It was our first afternoon in Rome … on our first post-vaxx trip. Stepping foot into the New Normal … whatever that might be. We had rendezvoused with my BFF Agat to enjoy a few days in the Eternal City, her first visit.

Savoring our gelato from GIOLITTI, we retraced our steps by the Pantheon … to admire the obelisk in front of Santa Maria della Minerva. It’s my favorite of the city’s 13 ancient obelisks because of the Bernini elephant at the base. Agat and I took a selfie … which I quickly sent to our friend Mark, the person who introduced us. Not really, “introduced.” It was more that our work spaces were near one another many years ago at the law firm where Mark was (still is) a partner. Plus he’s a history buff who loves Rome and, H/T, explained the 8 Egyptian and 5 Roman obelisks prior to one of our trips.

The beautiful church, despite the sign showing the hours it’s open, was locked.

And on we walked. Did somebody say Trevi Fountain …? Suddenly, there it was, in all of its tranquil, turquoise water and bright, white marble beauty. With so few people sitting around or tossing coins, it was easy to admire. 1 … return to Rome. 2 … fall in love. 3 … marry. (You must have tossed three, right Joyce?)

And finally … a Spritz! It was refreshing, but too sweet for moi. But on a late afternoon in Rome, everything is good. Plus, the benefit of being a musketeer … there are two others to pick up the slack [wink].

We headed back to the hotel to relax before dinner.

David & I picked CLUB MIRAGGIO in Trastevere for our evening meal … our Roman friends, Liliana and Fonzo, introduced us to this restaurant years ago. I called to make a reservation for one of their tables on the sidewalk.

Instead of house wine, David chose a 2020 Satrico, a white blend from Lazio. It was light and sippable as we settled in and looked at the menu.

We began with two antipasti. Grilled calamari … tender and tasting of the sea and so much more flavorful than its over-served battered and fried cousin, all it needed was a squirt of lemon. The other was batter-fried artichokes … a Roman classic that was good but, unfortunately, had a bit too much batter to be excellent.

My pasta pick was Gricia, the cousin of cacio e pepe that includes guanciale … a wonderful cheesy, peppery, porky dish, comfort food with a kick. David opted for Amatriciana … long stands of bucatini bathed in a tomato sauce rich with pancetta and porky-flavor, plus a generous dusting of pecorino. It’s so yummy, the last bit begged to be enjoyed with delicious, crispy-crust bread. Scarpetta, the Italians say … to wipe the remaining sauce with a shoe. Agat ordered pizza napoletana … but she was disappointed, saying the tomato sauce didn’t have much flavor and the crust was bland. We assured her that we had a few days to find her a better one. (And we did.) We decided to share a dessert. One tiramisù, three spoons … creamy, cocoa-y, coffee-y goodness.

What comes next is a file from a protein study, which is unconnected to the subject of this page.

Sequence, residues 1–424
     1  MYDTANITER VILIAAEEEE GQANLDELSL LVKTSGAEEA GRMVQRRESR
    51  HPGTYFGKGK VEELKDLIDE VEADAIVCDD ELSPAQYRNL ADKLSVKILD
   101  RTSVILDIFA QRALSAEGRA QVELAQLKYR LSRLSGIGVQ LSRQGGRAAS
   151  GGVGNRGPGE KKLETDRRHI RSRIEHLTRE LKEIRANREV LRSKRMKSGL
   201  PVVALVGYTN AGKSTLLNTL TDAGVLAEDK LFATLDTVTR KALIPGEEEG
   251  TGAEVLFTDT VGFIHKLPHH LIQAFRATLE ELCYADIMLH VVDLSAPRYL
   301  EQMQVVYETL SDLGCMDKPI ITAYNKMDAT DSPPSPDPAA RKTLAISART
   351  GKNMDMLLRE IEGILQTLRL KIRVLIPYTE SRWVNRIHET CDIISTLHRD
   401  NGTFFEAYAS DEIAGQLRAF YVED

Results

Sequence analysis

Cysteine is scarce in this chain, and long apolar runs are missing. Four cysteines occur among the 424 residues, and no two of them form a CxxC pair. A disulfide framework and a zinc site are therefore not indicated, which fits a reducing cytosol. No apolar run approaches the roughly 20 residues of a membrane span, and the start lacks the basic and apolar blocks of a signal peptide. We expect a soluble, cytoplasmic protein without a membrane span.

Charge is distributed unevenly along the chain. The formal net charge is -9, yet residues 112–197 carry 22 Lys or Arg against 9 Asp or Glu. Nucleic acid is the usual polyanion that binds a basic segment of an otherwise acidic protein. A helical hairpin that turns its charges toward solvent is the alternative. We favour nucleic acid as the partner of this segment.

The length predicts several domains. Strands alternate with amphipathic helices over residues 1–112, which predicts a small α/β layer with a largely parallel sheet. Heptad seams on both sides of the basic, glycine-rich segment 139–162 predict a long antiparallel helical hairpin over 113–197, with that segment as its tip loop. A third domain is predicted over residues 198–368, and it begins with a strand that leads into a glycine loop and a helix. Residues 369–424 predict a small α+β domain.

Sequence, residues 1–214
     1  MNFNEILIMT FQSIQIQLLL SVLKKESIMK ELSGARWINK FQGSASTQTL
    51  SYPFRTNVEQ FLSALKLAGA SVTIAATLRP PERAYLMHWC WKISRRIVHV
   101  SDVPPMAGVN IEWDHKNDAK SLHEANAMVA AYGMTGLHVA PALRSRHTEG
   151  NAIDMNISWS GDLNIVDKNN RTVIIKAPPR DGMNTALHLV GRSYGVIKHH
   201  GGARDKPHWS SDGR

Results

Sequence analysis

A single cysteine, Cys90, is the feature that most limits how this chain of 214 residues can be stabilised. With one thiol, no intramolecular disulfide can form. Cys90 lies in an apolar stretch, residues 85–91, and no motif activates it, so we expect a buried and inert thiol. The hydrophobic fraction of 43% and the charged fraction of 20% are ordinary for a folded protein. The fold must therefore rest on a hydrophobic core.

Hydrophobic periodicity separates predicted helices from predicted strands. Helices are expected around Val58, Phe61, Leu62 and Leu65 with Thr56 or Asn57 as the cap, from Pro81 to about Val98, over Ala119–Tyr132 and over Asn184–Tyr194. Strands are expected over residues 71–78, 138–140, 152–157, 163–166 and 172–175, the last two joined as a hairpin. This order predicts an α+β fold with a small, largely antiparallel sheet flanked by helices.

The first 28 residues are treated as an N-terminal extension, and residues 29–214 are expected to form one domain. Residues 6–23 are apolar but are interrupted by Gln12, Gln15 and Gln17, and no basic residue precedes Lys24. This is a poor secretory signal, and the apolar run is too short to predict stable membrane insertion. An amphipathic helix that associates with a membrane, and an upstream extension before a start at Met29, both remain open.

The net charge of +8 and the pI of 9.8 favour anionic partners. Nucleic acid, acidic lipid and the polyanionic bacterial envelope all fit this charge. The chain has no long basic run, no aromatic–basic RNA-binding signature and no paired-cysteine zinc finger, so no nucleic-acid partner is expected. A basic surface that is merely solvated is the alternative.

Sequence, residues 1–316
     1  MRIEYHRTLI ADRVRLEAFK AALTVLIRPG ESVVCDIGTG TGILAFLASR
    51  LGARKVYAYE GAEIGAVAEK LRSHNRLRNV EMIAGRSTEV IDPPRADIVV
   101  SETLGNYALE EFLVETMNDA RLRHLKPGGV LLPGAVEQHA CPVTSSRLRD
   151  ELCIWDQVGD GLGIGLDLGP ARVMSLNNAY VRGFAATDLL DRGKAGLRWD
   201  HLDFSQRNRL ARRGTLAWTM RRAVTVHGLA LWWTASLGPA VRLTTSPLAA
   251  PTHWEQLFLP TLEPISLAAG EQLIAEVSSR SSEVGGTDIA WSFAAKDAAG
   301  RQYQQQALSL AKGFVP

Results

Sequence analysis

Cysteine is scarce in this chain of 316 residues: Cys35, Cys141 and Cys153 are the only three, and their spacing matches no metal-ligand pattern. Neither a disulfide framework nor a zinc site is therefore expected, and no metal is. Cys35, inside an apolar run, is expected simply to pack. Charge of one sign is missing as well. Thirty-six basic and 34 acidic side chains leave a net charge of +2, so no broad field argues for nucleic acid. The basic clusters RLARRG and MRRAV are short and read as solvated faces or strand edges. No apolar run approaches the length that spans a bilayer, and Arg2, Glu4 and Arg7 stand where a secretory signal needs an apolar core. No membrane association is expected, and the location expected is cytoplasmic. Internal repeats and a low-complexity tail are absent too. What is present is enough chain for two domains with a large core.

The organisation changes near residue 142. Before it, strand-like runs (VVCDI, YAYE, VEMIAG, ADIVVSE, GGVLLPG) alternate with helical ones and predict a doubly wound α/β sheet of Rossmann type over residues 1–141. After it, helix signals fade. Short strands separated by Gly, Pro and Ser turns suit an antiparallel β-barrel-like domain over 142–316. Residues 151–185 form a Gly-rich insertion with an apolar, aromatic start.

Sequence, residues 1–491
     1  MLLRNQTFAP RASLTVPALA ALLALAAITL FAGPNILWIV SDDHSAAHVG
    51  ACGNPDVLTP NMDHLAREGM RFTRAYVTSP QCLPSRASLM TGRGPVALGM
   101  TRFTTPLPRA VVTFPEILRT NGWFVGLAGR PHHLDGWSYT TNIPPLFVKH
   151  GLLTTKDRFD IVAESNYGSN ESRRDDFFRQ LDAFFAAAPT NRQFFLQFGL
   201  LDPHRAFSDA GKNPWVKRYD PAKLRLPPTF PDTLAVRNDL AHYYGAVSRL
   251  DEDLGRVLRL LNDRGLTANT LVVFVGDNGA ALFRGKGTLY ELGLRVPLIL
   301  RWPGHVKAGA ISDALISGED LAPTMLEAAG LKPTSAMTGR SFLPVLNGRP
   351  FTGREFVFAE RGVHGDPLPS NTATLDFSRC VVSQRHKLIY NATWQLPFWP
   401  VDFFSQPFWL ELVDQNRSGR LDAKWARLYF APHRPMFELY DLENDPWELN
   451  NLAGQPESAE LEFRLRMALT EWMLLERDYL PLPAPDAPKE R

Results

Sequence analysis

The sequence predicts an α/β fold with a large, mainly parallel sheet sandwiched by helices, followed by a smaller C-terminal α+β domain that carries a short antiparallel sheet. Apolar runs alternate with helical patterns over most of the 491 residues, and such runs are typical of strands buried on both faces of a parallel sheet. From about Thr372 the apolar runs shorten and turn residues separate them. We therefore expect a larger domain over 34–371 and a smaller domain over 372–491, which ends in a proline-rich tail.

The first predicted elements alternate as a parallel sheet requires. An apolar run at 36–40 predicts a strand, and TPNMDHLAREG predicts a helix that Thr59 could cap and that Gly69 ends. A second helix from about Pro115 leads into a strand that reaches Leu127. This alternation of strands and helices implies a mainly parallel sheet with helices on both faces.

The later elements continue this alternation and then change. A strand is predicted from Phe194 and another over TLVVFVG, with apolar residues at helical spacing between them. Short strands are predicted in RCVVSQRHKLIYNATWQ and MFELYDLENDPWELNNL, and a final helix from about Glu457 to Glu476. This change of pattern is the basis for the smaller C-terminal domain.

We strolled leisurely across the Tiber. People lingered … dogs lounged … musicians played. The warm evening air in Rome is evocative, a bit humid and somewhat sultry, as the city envelops you.

We all woke up early, ahead of our Covid-era breakfast reservation time. We headed up to the rooftop lounge … and sat at the low table and large couches where we had our drinks the night before. It became our stammtisch … German for “same table” … where we had breakfast every day and drinks on the occasional evening. Cappuccino, artfully decorated and personalized by Ilaria … croissants, bread with butter and jam, yogurt, and big slices of fresh melons, kiwi, pineapple. Every morning she decorated our cappuccino with a different message. She was one of the reasons we enjoyed staying at HOTEL MONTE CENCI.

Navigation set, we headed toward the Vatican. It said a 35-minute walk, but we hadn’t calculated the photos we’d want to take along the way. My phone binged … and it was the ticket agency forwarding the official tickets. (There had been no prior indication that a WhatsApp message would deliver the tickets at the last minute. I had been prepared to show the email with the confirmation code.)

We arrived at the entrance a few minutes before our reservation.

When we got to the guard with the ticket scanner, he said it was only 1 ticket. Whaaat? Go to the office, he said as he motioned to the door. The Linda went inside … ready to use the “this is Agat’s first time in Rome, it has to be special” stratagem. The men checked with the agency, and confirmed that we had 3 tickets … and said I should call them. The woman apologized for her mistake, and immediately sent 3 new tickets. Stratagem averted.